Vaccine hesitancy has been defined as ‘…a delay in acceptance or refusal of vaccination despite availability of vaccination services’. 8 Key to optimising vaccination rates is understanding patterns and correlates of hesitancy over time. This will allow us to improve vaccine policy planning, develop targeted interventions and enhance tailoring of vaccine messaging to vulnerable groups. To this end, we examined rates of vaccine hesitancy and their correlates among Canadians by analysing data from five cross-sectional age, sex and province-weighted population-based samples who completed online surveys between April 2020 and March 2021. In order to explore the factors associated with vaccine hesitancy over time, data across all surveys were examined as a function of key sociodemographics, clinical characteristics and psychological factors known to be important for vaccine behaviour.12
The International COVID-19 Awareness and Responses Evaluation (iCARE) Study (www.icarestudy.com)13 is an ongoing international, multiwave, cross-sectional observational survey study of public awareness, attitudes and responses to COVID-19 public health policies. The study is led by researchers from the Montreal Behavioural Medicine Centre (www.mbmc-cmcm.ca) in collaboration with a team of over 200 international collaborators from more than 40 countries. The survey was designed with international experts to assess constructs from the capability, opportunity, motivation–behaviour model of the behaviour change wheel14 and from the health belief model.15 16 The survey also includes questions on sociodemographics, physical and mental health conditions, general health behaviours, previous COVID-19 infection, awareness of local government prevention policies, perceptions and attitudes about these policies, adherence to prevention behaviours, COVID-19-related concerns and impacts, and vaccine attitudes and intentions. The surveys include approximately 75 questions (approximately one per page), take 15–20 min to complete, and can all be found online (www.osf.io/nswcm). Questions were presented in the same order, but the response set order was randomised for questions with multiple subitems to reduce bias. Some questions were conditionally displayed based on responses to previous items to reduce the number and complexity of the items. Completing all questions is mandatory to move forward, but many questions included the option ‘I don’t know/prefer not to answer’. Full details about survey development and general methodology have been published elsewhere,13 and the Checklist for Reporting Results of Internet E-Surveys (CHERRIES) can be found in online supplemental table S1.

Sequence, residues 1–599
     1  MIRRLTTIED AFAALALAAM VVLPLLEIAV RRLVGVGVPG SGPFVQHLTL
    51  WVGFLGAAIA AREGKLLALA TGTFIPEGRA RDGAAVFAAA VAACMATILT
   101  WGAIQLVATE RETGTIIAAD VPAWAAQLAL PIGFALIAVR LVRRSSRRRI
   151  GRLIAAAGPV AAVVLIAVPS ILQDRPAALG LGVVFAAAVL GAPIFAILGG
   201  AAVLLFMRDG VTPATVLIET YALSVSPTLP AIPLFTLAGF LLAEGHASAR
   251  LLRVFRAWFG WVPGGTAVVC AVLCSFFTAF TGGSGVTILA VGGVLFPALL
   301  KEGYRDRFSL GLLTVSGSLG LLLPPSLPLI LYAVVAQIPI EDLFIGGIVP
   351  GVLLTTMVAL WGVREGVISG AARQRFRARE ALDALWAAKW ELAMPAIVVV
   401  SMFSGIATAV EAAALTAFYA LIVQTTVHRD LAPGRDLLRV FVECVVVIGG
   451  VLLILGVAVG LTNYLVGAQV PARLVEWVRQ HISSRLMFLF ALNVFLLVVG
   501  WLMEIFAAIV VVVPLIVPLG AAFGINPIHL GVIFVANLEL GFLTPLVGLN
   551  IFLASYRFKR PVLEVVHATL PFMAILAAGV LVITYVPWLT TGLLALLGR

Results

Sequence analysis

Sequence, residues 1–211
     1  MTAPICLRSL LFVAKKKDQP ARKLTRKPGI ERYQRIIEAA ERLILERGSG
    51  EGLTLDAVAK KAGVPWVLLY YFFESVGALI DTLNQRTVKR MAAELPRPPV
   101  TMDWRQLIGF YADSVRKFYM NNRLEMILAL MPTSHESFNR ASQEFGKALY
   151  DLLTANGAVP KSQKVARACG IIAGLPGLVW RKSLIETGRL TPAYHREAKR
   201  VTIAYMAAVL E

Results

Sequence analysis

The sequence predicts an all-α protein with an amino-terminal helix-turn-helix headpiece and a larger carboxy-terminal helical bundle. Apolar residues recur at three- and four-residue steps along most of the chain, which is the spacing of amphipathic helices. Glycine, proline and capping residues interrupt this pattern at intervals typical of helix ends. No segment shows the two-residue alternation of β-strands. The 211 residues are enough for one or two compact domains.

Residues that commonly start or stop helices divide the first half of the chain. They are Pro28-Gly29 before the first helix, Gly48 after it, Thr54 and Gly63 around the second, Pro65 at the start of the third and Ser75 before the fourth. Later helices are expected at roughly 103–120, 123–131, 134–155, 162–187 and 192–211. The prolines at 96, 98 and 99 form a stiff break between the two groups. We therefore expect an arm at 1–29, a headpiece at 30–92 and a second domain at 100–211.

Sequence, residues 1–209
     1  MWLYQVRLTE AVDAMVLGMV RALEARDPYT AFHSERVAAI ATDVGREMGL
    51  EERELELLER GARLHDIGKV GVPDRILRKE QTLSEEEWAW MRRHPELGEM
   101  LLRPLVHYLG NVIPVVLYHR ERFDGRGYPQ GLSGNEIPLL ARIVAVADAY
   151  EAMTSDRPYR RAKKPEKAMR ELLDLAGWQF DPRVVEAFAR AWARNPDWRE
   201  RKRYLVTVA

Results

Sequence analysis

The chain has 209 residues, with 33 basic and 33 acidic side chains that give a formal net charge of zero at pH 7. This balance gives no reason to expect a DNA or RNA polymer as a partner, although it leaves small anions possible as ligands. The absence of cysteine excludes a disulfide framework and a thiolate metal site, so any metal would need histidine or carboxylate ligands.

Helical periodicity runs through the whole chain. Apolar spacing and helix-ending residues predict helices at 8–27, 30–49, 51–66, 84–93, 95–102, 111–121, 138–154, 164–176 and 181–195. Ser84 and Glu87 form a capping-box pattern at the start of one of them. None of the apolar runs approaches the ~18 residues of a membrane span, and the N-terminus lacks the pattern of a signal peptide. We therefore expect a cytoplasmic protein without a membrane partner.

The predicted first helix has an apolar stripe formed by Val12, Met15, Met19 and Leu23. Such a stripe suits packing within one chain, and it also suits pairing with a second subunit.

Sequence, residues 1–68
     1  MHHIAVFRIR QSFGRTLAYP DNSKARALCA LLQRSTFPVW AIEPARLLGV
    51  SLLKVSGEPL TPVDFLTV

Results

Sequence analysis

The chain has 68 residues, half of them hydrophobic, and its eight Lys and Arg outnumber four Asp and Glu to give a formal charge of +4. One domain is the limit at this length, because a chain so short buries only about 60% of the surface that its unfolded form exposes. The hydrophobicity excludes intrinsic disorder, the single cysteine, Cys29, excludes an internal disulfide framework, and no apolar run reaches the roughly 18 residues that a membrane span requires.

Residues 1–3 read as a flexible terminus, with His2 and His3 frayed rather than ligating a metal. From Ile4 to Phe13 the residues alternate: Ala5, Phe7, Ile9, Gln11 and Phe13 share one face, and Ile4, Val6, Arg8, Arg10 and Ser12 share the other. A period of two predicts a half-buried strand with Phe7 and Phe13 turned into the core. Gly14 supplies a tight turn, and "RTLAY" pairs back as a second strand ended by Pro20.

For this study, we report data from five nationally representative online surveys of Canadians aged 18 years and over using a recognised polling firm which recruits participants through their closed, proprietary online panel (Leger Opinion). This panel includes over 400 000 Canadians, the majority of which (61%) were recruited within the past 10 years. Two-thirds of the panel were recruited randomly by telephone, with the remainder recruited via publicity and social media. Respondents are invited to complete the survey via email and did so voluntarily. Leger Opinion sends panellists a unique link to complete the survey so they cannot complete it more than once (receive a message: ‘you have already completed this survey’). Using data from Statistics Canada, results were weighted within each province according to the sex and age of the respondents. Then, the weight of each province was further adjusted to represent their actual weight within the Canadian federation. Data were collected between 9 and 20 April 2020 (survey 1), 5 and 17 June 2020 (survey 2), 29 October and 11 November 2020 (survey 3), 27 January and 7 February 2021 (survey 4), and 11 and 29 March 2021 (survey 5), respectively, using a self-administered computer-assisted web interface. Online consent is provided by participants prior to completing the survey. No personal identifying information is collected from any participant. Participants are offered nominal compensation through the polling firm (participants collect points that can be traded in for gift cards); no direct compensation is provided by the research team.
Assessment of vaccine intentions and hesitancy
To assess vaccine hesitancy, we asked: ‘If a vaccine for COVID-19 were available today, what is the likelihood that you would get vaccinated?’ Response options (very unlikely, unlikely, somewhat likely, extremely likely, I don’t know/prefer not to answer) were dichotomised into ‘very unlikely, unlikely, somewhat likely’ to describe those indicating at least some degree of hesitancy, versus ‘very likely’ to describe those with very high intentions to get vaccinated. A dichotomous outcome was chosen to identify all those who could benefit from intervention, with those responding ‘very likely’ to get vaccinated treated as the comparator/reference.
Assessment of psychological factors